There were a few surprises this morning when some new grants for 3-D printing were announced in Toronto.
The first Be3Dimensional Innovation Fund grants have gone to prominent, internationally acclaimed Canadian artists who are primarily known for analog, rather than digital, works: Geoffrey Farmer of Vancouver and Duane Linklater of North Bay.
Through the grant, both Farmer and Linklater will be able to access a $100,000 fund to create new works at Think2Thing, a privately owned 3-D printing atelier in downtown Toronto that was co-founded by photographer Edward Burtynsky.
Linklater—who is Omaskêko Cree and actually already did a small 3-D printing project in 2015 at the Utah Museum of Fine Arts, creating copies there of eight “unauthored” First Nations artifacts—says he is attracted to the possibilities 3-D printing technology has in relation to repatriation of First Nations objects that are currently in museum collections.
“For me, 3-D technology seems really promising in terms of its uses for museums and, in particular, in the exhibition of certain cultural objects,” Linklater tells Canadian Art. “This is where there is an interesting area for me to investigate what is possible, and how I can articulate some of those interests I have in collections—particularly Native American objects in collections.”
One challenge with the upcoming Think2Thing lab, Linklater notes, is that the copies are, in some cases, almost too excellent.
“In the first iteration of this project at Utah, it was the bad copies that I was really interested in,” Linklater explains, “I knew a lot of information would be lost as a part of the [3-D printing] process and I wanted to use this technology as an analogue to what happens when North American [First Nations] objects go through acquisition processes—you lose information as a result.”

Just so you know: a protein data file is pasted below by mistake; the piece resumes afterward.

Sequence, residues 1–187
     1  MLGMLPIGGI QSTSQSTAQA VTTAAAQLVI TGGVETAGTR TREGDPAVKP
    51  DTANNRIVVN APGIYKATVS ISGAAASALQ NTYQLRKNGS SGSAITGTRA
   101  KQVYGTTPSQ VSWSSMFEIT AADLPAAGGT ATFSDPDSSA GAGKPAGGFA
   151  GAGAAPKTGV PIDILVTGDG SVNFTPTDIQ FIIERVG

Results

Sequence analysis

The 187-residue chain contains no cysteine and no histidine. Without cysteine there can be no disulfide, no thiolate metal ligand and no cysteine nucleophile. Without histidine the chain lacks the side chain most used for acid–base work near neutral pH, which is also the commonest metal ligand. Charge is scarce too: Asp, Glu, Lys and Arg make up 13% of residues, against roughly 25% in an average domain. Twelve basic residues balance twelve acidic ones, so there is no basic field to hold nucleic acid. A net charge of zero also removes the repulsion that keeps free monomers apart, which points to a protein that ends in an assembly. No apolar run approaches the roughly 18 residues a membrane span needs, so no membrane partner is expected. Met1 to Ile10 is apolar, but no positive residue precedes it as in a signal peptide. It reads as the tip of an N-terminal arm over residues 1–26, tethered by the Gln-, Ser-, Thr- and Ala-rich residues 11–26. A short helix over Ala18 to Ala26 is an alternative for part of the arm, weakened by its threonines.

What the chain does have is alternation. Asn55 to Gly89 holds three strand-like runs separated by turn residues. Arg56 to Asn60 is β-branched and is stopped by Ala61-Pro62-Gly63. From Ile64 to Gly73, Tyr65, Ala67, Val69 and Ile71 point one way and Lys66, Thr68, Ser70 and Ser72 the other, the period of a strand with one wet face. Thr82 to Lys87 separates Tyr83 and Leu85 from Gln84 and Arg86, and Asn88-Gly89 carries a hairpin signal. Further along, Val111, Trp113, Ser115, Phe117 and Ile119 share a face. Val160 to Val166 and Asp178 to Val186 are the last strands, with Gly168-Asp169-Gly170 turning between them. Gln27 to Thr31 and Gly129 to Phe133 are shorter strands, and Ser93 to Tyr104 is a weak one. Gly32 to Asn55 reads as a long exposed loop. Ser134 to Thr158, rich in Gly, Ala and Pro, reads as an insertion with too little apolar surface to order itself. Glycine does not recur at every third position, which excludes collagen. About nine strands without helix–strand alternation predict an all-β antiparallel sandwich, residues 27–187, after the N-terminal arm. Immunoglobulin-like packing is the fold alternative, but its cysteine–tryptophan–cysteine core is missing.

But Linklater says that extremely detailed copies could be helpful in the process of bringing First Nations objects out from “being behind glass and behind bars” in museums and returned to “their rightful contexts, their rightful places”—with the tribes and people who made them.
On a different note regarding place and context, Geoffrey Farmer has told the Canadian Press that he plans to integrate 3-D technology in his show at the Venice Biennale next year.
It seems a bit of a departure, in a sense, as Farmer is most acclaimed for works in cut paper, collage and installation.
“As an artist, I’m still trying to understand what it [3-D printing technology] means, and I think it will take us time to understand how it’s going to change our world. But we definitely know it’s changing it,” Farmer says in the Canadian Press article.
“We’ve always been making reproductions of things in the world, so these things aren’t necessarily new,” Farmer continued. “But in the way the technology is able to do it now is different. I’m able to go out into the world and if I see something, I can scan it and bring it back into the studio and work with it within the studio.”
Any resulting grant-funded artworks by Farmer and Linklater will later be exhibited at the National Gallery of Canada and the Ryerson Image Centre.
National Gallery of Canada director Marc Mayer, whose museum helped choose the winning artists, says he is interested in what the project might bring, too.
“We are so pleased to help Canadian artists explore the new medium of 3D printing, which we see as a burgeoning relationship between photography and sculpture following a century and a half relationship between photography and painting,” Mayer said in a release.